Rappin’ With Rick

The Machine Stops

I recently bought a copy of The Machine Stops, by E.M. Forster. It’s a short story originally published in 1909. I learned of it, of course, in Touchstone.

It’s the story of a woman who lives alone in a comfortable pod underground, as do everyone. The surface has been rendered uninhabitable, but technology meets every perceived need at the push of a button. All are connected to a worldwide apparatus, and people can see and speak with one another by looking into a glowing round plate. She has a virtual audience of thousands with whom she shares her thoughts.

She’s very content, until she hears from a son who had been taken as an infant to a public nursery, and then placed in his own pod on the other side of the world. He wants her to come for a visit. She can’t understand why, but makes the trip.

In a meeting with her son she learns of his brief escape to the toxic surface with a respirator, and his feeling that the only thing that is really living is the Machine. Such thinking is heresy to his mother who worships the Machine. She can’t wait to get back to her pod.

Some years later, as the Machine is dying, they are briefly reunited. Then, when it stops, crawling over the bodies of the dead, he gasped, “Quicker, I am dying—but we touch, we talk, not through the Machine.” He then kissed her, and said, “We have come back to our own. We die, but we have recaptured life.”

The article in Touchstone closes by noting, “Forster wanted to offer a counterpoint to claims being made by the technological optimists of his day. His ability to imagine things like Zoom, Skype, and Instagram, and his insights into the potential dehumanizing effects of Machine Culture ought to inspire some serious contemplation. As we climb out of our Covid haze…let us realize the great gift of face-to-face communication.”

I would also add that it might do us all good to take an occasional break from dependance on our machines.

God Bless, Rick

Rick’s Reading List

The title seemed a little weird: The Rise and Triumph of the Modern Self, but the first sentence really drew me in. “The origins of this book lie in my curiosity about how and why a particular statement has come to be regarded as coherent and meaningful: ’I am a woman trapped in a man’s body.’” By the time I had read the first two chapters I knew I had to order a copy for myself, and one for Matt.

Kevin Lasley had loaned me a copy of Is Atheism Dead? by Eric Metaxas, which is an excellent book that makes it clear that in light of scientific and archaeological discoveries only someone who is intellectually dishonest can still be an atheist, and I thought he had also loaned me this one. But while telling Matt how excited I was about the books I was giving him for Christmas, he told me he had loaned the second one to me…at Thanksgiving no less! So, in light of my less than pristine memory, I better tell you about this second book before I move on to a third.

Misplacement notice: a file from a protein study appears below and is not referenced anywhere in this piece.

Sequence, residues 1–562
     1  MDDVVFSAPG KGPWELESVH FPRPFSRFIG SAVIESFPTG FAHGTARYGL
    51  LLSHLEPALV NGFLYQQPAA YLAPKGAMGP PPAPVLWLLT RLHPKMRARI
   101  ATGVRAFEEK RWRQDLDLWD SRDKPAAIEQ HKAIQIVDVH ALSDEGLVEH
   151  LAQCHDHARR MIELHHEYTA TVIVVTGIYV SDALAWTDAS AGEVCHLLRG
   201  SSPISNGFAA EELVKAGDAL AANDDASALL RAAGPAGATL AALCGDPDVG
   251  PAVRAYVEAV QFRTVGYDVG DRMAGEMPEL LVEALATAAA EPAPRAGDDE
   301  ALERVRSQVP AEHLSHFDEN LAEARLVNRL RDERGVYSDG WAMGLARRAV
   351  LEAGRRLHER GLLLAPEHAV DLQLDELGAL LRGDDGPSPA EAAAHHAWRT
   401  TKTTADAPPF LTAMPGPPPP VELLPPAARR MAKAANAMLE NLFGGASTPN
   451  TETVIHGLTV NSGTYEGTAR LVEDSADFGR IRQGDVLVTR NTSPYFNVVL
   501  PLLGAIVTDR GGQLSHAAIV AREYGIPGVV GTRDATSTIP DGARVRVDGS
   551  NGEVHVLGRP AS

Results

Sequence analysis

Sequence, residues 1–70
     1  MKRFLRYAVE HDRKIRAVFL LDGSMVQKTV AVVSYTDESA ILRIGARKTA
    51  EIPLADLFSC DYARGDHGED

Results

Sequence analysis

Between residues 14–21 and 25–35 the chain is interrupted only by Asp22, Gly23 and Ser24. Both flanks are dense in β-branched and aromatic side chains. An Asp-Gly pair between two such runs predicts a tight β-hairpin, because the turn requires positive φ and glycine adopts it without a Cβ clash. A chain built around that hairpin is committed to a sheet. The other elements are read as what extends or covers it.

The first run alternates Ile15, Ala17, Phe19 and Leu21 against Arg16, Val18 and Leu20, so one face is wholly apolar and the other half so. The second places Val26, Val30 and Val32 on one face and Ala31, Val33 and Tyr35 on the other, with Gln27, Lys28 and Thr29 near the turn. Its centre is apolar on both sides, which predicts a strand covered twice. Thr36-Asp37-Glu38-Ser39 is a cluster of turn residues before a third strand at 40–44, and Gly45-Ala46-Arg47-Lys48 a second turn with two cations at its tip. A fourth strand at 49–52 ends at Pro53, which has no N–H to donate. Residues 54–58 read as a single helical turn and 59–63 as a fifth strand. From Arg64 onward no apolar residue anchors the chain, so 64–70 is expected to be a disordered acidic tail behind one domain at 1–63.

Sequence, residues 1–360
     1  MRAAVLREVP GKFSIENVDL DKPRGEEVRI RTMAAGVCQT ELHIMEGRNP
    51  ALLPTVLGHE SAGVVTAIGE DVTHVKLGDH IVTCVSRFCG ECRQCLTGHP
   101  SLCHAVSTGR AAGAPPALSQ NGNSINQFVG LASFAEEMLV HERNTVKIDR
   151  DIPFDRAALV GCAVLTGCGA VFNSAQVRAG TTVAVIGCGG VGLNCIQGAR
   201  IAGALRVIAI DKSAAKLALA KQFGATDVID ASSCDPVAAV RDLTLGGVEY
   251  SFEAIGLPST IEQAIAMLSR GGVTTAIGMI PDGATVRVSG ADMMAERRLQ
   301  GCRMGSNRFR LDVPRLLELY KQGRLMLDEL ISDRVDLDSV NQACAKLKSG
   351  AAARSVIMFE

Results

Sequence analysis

The author is Carl Trueman, a highly regarded professor and church historian. He notes, “At the heart of this book lies a basic conviction: the so-called sexual revolution of the last sixty years, culminating in its latest triumph—the normalization of transgenderism—cannot be properly understood until it is set within the context of a much broader transformation in how society understands the nature of human selfhood.”

Then, after sharing how 20th century philosophers have noted the reimagining of the self (who we are and why we are here) and our culture, based on an atheistic foundation laid in the 18th and 19th centuries by Rousseau, Marx, Darwin, and Freud, and brought into the mainstream by influential poets, he offers advice on how the church should respond to the challenges we face today. In short, we must maintain a commitment to biblical sexual morality, and be a part of a community that believes and practices it.

If you want to know more, I’ll loan you a marked-up copy.

God Bless, Rick

Christmas Bells

Bonnie recently mentioned how much she enjoyed still seeing Jack’s picture on the bulletin board. It’s there along with pictures of Nancy Montgomery, Joe Carter, and Jim and Mary Sexton. We lost the physical presence of all five within the last year or so, and their absence is keenly felt. Especially during the holidays.

I recently read that Henry Wadsworth Longfellow was likewise feeling the loss of a wife who died in childbirth, a second wife who died when her dress caught fire, and worrying about a son who was clinging to life after being wounded in the Civil War when, during the Christmas season, he wrote “Christmas Bells.”